Jack Welch once noted that the only two departments that drive revenue directly to the bottom line are sales and procurement. He noted that the other departments were basically overhead. I would also include supply chain professionals in this revenue generating group.
The dilemma that we have is how should organizations pay the revenue generating departments of procurement or the supply chain? Sales departments are often incentivized with bonus-based pay based on sales volume, increases in market share or new customers gained. Should we pay them similar to sales? Not so fast.
Here is a story. I once had a very good steel buyer who led our steel supply chain efforts. Steel was approximately 25% of our cost of goods sold. In his review he showed that he had achieved a price reduction for the year of 2%. He focused solely on cost. However, the overall market or market basket price of steel we used had fallen 6% that year. Obviously he had not kept up to the market’s price reduction. We did have a discussion that revealed that he had a potential breakthrough project with the supplier to us a different significantly less expensive grade of steel that would reduce our steel cost by 20 %. The new grade of steel took less time to produce, was closer to our plant, required fewer inventories and had major quality improvements. For this year’s review it was mentioned but we agreed to include it in next year’s goals.
For procurement and supply chain professionals’ metrics for pay increases is much more complicated, but revenue growth or hard savings must at least ground their pay or compensation system. Unfortunately many of our colleagues cannot get past “price or cost is king.” which requires ongoing education on procurement’s part, and the use of total cost of ownership principles. There is not a shortage of focus areas to help select how to judge compensation for procurement or supply chain professionals. Quite the opposite there are almost too many! A varied market basket (multiple focus areas) approach is justified.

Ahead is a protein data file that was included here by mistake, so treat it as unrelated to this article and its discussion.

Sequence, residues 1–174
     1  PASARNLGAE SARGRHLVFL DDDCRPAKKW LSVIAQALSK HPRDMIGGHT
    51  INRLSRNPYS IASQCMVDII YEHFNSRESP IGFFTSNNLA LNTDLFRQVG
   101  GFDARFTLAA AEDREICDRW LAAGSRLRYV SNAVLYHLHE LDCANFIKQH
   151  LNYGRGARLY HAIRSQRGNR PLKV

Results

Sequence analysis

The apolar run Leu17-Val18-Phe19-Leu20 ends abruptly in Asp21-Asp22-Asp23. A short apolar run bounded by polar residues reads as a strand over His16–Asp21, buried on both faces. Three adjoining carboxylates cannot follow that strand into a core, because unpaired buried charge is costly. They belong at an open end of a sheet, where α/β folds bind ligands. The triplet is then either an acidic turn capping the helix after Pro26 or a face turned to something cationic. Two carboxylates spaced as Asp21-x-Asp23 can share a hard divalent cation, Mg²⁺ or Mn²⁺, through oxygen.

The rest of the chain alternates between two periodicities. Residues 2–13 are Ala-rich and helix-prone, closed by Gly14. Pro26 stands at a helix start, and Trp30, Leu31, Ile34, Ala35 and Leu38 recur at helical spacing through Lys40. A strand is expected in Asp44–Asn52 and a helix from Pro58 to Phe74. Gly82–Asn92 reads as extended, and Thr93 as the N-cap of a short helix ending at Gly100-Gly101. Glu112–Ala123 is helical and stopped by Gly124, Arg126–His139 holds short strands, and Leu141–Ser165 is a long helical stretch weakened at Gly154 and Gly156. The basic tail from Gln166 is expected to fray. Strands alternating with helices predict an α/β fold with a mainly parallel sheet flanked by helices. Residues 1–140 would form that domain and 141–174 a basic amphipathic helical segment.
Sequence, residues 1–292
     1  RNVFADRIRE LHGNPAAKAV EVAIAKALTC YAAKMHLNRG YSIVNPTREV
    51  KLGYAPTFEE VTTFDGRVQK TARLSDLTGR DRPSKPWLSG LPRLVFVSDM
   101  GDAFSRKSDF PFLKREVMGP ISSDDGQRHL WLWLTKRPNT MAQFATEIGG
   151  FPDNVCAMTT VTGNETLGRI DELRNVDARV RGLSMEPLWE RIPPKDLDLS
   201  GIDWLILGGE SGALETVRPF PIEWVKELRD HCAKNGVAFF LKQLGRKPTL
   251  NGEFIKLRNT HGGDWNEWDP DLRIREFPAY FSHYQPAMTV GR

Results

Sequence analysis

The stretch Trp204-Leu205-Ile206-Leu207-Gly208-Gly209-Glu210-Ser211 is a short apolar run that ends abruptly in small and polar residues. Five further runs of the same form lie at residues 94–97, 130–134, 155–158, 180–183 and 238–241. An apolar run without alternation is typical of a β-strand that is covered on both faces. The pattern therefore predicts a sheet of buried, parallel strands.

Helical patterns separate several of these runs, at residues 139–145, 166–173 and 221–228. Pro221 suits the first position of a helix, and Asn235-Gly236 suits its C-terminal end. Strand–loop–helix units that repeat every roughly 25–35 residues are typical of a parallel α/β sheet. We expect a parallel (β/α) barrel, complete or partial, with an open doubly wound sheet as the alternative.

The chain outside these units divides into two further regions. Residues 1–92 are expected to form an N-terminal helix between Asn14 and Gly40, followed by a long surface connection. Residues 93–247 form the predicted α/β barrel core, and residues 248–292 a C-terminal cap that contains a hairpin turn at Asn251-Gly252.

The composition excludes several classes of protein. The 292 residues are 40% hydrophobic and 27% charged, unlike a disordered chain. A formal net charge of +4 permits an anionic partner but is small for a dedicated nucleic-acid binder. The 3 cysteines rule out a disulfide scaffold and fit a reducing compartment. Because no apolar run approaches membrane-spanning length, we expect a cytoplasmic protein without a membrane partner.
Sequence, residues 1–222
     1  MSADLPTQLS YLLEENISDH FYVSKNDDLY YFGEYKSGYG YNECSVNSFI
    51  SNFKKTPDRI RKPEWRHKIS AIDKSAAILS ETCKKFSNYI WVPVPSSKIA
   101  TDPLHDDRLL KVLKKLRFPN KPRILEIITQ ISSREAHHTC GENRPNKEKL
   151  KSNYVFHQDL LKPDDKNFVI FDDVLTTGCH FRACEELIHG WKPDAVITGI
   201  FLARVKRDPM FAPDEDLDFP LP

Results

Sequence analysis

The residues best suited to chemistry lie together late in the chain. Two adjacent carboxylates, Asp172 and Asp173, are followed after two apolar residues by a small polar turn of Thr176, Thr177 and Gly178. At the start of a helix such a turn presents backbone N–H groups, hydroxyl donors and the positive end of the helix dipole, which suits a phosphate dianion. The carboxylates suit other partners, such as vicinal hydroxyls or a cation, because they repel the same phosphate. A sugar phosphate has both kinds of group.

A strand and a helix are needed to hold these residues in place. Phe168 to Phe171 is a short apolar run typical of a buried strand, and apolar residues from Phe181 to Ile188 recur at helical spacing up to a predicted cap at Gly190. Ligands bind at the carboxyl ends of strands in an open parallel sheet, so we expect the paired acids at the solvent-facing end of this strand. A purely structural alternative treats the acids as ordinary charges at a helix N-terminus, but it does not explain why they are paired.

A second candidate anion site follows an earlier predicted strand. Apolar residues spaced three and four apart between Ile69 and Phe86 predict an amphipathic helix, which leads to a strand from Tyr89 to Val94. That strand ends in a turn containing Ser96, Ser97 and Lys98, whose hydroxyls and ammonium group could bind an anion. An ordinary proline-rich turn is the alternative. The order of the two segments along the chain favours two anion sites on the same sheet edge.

My first point is that when the multiple market focus areas are selected to judge compensation are selected, they should be aligned to the organizations overall vision and mission statement. They must be adjusted for the current market conditions the organization is facing. They should vary year to year based on market conditions and circumstances. In the dynamic departments of procurement and the supply chain, the worst choice would be to select a system that is inflexible and outdated. I recommend a focus area market basket approach and for simplicity no more than five or six focus areas. The list of focus areas available is large.
I realize this is a large list and that I have not gone into great detail on many of the focus areas. I am sure a procurement department can brainstorm even more focus areas. One of the most important steps is to get another department such as finance or accounting (a third party) to agree to the definition of the focus areas and the criteria. Without their buy-in, procurement’s savings or success will not be recognized.
Here are some market focus areas to consider:
Market Basket Focus Areas Hard Savings
Market Basket Focus Areas Soft Savings
Finally, I would recommend adjusting or changing the market focus areas for each procurement or supply chain professional yearly to improve their breath of skills and capabilities.
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